Campbell's book, his sixth, explores a hinge moment of the recent American past.
The year 1995 marked the emergence of the Internet and World Wide Web into mainstream consciousness, propelled by events such as the dramatic initial public offering of Netscape Communications, the Silicon Valley startup that made an immensely popular Web browser.
Important features and realities of contemporary life can be traced to 1995 and its watershed moments. "The fingerprints of 1995," Campbell says, "are all over the present."
Campbell has discussed the pivotal nature of 1995 at a variety of venues, among them the Library of Congress, the New York Public Library, the Politics & Prose bookstore, and with a variety of media outlets, including twice on the Kennedy Show on Fox Business Network.
The book and the year also were featured in Italy's largest newspaper, Corriere della Sera:
What critics saY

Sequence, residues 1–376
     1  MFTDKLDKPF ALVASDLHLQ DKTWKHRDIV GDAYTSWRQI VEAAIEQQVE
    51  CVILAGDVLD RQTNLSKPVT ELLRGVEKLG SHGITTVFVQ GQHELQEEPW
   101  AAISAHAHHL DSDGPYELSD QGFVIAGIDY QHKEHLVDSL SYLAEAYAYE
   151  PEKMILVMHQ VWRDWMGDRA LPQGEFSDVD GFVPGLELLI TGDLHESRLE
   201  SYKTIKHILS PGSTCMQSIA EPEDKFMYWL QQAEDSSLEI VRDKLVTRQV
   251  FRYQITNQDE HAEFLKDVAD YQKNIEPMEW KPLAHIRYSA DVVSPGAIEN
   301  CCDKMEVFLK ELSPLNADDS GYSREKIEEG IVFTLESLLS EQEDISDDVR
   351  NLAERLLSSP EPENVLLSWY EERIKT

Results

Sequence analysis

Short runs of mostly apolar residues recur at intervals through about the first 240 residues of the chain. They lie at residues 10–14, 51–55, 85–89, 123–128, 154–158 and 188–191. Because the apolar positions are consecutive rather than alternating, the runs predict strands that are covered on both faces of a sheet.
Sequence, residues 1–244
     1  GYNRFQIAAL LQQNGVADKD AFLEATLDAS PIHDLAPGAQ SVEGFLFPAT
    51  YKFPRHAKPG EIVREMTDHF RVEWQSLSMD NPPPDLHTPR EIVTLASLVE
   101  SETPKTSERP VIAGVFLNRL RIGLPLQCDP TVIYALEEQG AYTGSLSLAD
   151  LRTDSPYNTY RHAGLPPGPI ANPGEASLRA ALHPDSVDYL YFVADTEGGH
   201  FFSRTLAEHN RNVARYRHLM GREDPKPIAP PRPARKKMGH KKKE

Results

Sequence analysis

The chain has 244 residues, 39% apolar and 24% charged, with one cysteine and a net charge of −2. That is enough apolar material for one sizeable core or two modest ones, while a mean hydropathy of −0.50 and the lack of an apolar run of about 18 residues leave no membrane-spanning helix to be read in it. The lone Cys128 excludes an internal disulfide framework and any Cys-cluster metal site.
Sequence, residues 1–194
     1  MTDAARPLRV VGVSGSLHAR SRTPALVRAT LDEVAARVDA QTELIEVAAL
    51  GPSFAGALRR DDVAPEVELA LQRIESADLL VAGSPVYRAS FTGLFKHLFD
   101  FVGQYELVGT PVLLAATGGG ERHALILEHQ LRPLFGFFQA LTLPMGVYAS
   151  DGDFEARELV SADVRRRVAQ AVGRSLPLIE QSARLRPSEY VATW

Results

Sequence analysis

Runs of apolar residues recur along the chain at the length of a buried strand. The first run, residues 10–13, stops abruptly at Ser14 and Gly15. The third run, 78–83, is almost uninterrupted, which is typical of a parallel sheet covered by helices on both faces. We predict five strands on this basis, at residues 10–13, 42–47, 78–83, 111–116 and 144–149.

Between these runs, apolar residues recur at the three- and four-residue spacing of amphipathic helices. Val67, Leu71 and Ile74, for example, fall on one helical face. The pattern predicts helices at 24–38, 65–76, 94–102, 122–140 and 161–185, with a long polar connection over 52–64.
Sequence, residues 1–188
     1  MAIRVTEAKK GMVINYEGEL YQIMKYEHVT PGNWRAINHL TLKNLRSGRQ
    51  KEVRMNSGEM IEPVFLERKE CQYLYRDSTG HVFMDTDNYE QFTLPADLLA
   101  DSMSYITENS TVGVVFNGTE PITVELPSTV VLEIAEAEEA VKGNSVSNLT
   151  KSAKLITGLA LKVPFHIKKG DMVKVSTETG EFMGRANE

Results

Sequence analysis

1995 And the O.J. Trial
The O.J. Simpson double-murder trial spread like a stain across much of 1995. The proceedings in Los Angeles went on for nearly eight months and were called "The Trial of the Century." Such characterizations were exaggerated, as Campbell discusses in this op-ed.
The most significant and lasting effect of the Simpson trial was in the popular introduction of forensic DNA evidence. “Through the Simpson case,” Campbell writes, “the American public gained a measure of familiarity with forensic DNA testing,” a familiarity that has deepend significantly.
1995: Origins of A scandal
The dalliance between President Bill Clinton and intern Monica Lewinsky -- an affair that led to his impeachement -- began during the federal government shutdown in mid-November 1995. The beginnings of the Clinton-Lewinsky liaison represented one of the pivotal moments of 1995, as Campbell discusses.
Campbell's Other books